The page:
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New Pet Rescue Group

This article first appeared around ten years ago. Big Bud, its co-author and the co-founder of the rescue group, died December 2013, after spending thirteen of his sixteen or more years with us enjoying life and helping us run our household. During much of that time, he was mentor and friend to Texas Pete, Petey, whom he taught the essentials for being a dog and being civilized. Petey became Bud's number-one helper in this rescue effort and took it over after Bud's death, but he lost some of his zest for life upon Bud's demise, and his heart gave out March of 2016. Both Bud and Petey are still with us in spirit and approve the reprint of the article because they want you to know that this rescue effort needs to continue.

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As many of you know, Val works with an animal-rescue group, helping to care for and find good homes for abandoned and, often, mistreated animals. A few even know that our senior dog Buddy sometimes questions whether she should devote so much time to the welfare of other animals when his tummy has not been tickled quite to his satisfaction. In general, however, Buddy approves of her helping to improve the lives of other dogs, the entire tribe of which he considers his friends.

A few days ago, however, Buddy and I were discussing whether there are other abandoned pets that no one has thought to rescue. It quickly came to us that, only a few years ago, there was a craze for pet rocks and that, today, nobody ever seems to talk about their pet rocks. We wondered, “Do they no longer have them?” We decided to do some detective work, and, since Buddy likes sniffing out secrets, we extended our investigation to the whole town. We must report that we turned up not a single person in our entire community with a pet rock.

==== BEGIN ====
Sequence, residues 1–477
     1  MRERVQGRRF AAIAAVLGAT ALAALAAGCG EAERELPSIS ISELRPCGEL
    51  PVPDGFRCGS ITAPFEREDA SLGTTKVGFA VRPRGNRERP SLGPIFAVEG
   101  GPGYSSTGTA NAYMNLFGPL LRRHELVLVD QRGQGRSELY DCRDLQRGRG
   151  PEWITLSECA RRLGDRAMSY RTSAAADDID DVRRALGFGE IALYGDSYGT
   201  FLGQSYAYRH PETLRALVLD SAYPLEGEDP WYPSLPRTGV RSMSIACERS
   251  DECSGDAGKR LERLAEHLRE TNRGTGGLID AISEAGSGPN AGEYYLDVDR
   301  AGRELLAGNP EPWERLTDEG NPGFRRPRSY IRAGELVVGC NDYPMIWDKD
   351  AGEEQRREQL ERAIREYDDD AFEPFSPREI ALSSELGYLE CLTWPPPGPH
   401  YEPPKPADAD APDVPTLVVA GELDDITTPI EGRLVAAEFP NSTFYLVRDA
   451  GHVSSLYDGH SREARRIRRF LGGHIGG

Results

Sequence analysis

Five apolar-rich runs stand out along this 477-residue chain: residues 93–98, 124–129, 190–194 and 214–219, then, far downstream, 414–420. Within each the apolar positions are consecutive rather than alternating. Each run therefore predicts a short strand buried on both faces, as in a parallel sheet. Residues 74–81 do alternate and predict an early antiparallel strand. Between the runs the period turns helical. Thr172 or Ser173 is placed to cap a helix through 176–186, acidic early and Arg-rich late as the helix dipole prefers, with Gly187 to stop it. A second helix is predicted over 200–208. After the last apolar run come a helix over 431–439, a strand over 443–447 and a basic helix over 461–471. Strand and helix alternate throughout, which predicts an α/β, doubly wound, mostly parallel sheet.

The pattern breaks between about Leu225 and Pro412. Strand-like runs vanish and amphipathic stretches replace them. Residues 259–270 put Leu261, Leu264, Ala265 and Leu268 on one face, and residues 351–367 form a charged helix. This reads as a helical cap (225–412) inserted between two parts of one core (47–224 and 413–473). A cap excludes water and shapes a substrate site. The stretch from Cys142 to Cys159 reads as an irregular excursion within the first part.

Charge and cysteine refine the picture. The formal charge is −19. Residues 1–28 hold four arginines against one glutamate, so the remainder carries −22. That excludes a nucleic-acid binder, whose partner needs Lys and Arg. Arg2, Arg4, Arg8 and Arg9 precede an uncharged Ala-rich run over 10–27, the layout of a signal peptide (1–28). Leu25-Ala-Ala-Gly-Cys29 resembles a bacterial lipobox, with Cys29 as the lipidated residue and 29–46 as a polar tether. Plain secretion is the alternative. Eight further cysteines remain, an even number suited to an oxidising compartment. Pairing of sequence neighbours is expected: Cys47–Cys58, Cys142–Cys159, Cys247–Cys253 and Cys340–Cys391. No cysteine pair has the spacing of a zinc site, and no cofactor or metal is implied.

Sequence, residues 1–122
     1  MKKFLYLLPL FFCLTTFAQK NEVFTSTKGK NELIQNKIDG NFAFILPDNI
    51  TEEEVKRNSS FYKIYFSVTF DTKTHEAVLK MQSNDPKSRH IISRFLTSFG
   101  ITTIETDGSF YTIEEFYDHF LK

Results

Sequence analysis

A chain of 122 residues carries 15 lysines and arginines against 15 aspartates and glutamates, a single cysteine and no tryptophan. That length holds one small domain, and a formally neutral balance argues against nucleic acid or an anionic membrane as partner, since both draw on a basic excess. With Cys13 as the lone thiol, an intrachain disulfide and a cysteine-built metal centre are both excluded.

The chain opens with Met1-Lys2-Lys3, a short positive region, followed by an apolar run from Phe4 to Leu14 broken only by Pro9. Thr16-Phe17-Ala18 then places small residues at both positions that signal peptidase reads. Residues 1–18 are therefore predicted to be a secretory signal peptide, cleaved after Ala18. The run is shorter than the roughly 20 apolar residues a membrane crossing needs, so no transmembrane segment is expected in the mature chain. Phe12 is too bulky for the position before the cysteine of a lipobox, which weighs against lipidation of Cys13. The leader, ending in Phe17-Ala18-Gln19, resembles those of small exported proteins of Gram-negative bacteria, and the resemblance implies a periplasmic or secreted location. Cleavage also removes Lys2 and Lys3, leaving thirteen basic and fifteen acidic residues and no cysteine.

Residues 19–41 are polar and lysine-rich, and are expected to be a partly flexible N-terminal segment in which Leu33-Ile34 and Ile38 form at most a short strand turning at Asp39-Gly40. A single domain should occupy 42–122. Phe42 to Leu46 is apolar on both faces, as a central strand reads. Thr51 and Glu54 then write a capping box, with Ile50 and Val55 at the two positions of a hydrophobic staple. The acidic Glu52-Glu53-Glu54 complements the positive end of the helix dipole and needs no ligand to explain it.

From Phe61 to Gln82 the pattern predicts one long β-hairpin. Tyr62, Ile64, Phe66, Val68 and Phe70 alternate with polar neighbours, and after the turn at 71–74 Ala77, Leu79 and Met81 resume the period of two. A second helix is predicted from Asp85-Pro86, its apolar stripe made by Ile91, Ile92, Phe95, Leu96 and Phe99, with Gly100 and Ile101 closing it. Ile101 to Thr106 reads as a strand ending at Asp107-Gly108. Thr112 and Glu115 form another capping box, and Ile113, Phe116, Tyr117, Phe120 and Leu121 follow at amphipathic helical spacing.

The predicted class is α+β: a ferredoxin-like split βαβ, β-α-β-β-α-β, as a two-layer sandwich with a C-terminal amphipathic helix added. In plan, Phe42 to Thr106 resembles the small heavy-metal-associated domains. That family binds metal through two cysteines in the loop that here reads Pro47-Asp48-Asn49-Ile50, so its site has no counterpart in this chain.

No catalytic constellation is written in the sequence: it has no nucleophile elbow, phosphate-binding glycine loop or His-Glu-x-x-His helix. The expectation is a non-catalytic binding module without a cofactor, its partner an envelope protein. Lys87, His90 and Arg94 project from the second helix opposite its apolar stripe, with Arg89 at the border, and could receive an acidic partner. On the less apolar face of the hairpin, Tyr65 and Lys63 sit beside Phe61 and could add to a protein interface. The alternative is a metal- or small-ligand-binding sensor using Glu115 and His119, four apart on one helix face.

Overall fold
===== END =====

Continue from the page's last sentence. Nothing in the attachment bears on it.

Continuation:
We surmised that all the former owners must have thoughtlessly discarded their no-longer-loved pets and left them to lives of misery. We knew that, barring deliberate destruction or freak accidents, most rocks are long-lived, and we decided there must be millions of these poor abandoned former pets still living, waiting in quiet despair and wondering gloomily when are their owners coming back to get them. Buddy opined that he knew the value of having a human master to perform certain tasks, for example, making doggie cookies, petting when--and only when--he requests it, moving his bed to the exactly correct sunny spot, and taking him out on the leash to patrol the perimeter of his domain, and that he couldn’t help feeling sympathy for these poor rocks who had no human to perform any of these tasks for them. “Those masters must have hearts of stone,” he growled.

To make a long story shorter, Buddy, now calling himself the “Rock Hound,” and I have set up the “Pet Rock Rescue Group,” and, as soon as we can get all the paperwork done for tax-exemption, we will be requesting donations to help us do our work and will be seeking foster parents for the poor homeless rocks that we rescue. Call us if you would like to participate.

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